Abstract: We investigate whether bank monitoring that relies on private information in private debt decreases the demand for earnings quality in public debt. In doing so, we focus on Japanese main banks that have high abilities to access the private information of borrowing firms. We find that under stable financial conditions in the bond-issuing firms, accruals quality is negatively associated with bond yield spreads, regardless of the existence of a main bank, suggesting that reporting higher quality earnings affects the reduction of the cost of debt in public debt. In contrast, we find that when the bond-issuing firms with a main bank have high default risk, there is no relationship between accruals quality and bond yield spread. The results suggest that when a main bank has a stronger incentive to monitor their borrowing firms due to the firm's poor financial performance, the increased bank monitoring using private information decreases the demand for earnings quality in bond contracts.
    Keywords: Accruals Quality, Bond Yield Spread, Main Bank, Private Information, Japan
    JEL: M41
    Date: 2017–12
  9. By: John Kandrac; Bernd Schlusche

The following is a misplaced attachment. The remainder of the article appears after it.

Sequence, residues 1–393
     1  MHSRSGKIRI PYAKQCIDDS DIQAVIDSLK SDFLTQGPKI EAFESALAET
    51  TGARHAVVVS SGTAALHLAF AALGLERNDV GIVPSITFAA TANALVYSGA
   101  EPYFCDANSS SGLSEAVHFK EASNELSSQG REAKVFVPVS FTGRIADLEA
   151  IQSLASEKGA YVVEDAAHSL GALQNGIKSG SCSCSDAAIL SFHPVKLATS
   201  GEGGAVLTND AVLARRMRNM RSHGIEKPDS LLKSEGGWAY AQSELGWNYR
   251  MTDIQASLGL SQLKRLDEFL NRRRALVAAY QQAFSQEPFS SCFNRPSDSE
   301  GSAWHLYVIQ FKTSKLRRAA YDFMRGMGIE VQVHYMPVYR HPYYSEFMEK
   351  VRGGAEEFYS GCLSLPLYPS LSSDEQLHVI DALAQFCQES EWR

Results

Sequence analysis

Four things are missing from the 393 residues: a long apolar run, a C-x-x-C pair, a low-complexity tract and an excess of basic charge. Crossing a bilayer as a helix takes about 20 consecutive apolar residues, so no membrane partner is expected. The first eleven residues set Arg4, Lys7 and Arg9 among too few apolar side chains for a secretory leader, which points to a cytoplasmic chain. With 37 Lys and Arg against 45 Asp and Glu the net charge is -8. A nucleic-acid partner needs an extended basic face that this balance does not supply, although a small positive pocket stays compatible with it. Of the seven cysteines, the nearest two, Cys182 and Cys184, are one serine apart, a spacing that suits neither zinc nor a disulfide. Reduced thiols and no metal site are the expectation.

Abstract: We empirically assess the effect of reserve accumulation as a result of quantitative easing (QE) on bank-level lending and risk taking activity. To overcome the endogeneity of bank-level reserve holdings to banks' other portfolio decisions, we employ instruments made available by a regulatory change that strongly influenced the distribution of reserves in the banking system. Consistent with theories of the portfolio substitution channel in which the transmission of QE depends in part on reserve creation itself, we document that reserves created in two distinct QE programs led to higher total loan growth and an increase in the share of riskier loans, such as commercial real estate, construction, C&I, and consumer loans, within banks' loan portfolios.
    Keywords: Monetary policy ; QE ; bank lending ; reserve balances
    JEL: G21 E52 E58 G28
    Date: 2017–10–12
  10. By: Maarten van Oordt